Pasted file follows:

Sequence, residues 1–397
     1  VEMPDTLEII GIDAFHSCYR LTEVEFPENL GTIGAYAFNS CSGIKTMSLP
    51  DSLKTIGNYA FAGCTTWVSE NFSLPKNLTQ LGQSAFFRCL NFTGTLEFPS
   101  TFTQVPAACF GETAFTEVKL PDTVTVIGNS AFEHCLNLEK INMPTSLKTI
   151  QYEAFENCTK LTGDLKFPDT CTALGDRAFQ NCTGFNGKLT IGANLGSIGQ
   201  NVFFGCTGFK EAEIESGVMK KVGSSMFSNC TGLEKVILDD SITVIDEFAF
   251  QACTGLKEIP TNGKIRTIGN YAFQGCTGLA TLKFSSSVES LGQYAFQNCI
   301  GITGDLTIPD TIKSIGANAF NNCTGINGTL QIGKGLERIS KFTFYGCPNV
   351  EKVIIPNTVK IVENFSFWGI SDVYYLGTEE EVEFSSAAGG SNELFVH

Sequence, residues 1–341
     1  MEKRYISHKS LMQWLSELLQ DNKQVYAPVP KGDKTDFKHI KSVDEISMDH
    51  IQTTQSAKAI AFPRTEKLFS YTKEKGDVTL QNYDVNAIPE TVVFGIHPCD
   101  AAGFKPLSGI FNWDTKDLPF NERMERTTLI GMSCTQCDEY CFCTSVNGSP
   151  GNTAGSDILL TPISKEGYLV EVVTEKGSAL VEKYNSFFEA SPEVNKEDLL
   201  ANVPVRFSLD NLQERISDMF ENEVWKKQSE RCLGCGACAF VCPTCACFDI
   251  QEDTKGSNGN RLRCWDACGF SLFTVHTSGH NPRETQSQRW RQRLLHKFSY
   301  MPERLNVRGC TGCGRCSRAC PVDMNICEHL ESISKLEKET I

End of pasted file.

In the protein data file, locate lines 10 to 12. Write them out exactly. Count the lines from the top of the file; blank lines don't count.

Sequence, residues 1–341
     1  MEKRYISHKS LMQWLSELLQ DNKQVYAPVP KGDKTDFKHI KSVDEISMDH
    51  IQTTQSAKAI AFPRTEKLFS YTKEKGDVTL QNYDVNAIPE TVVFGIHPCD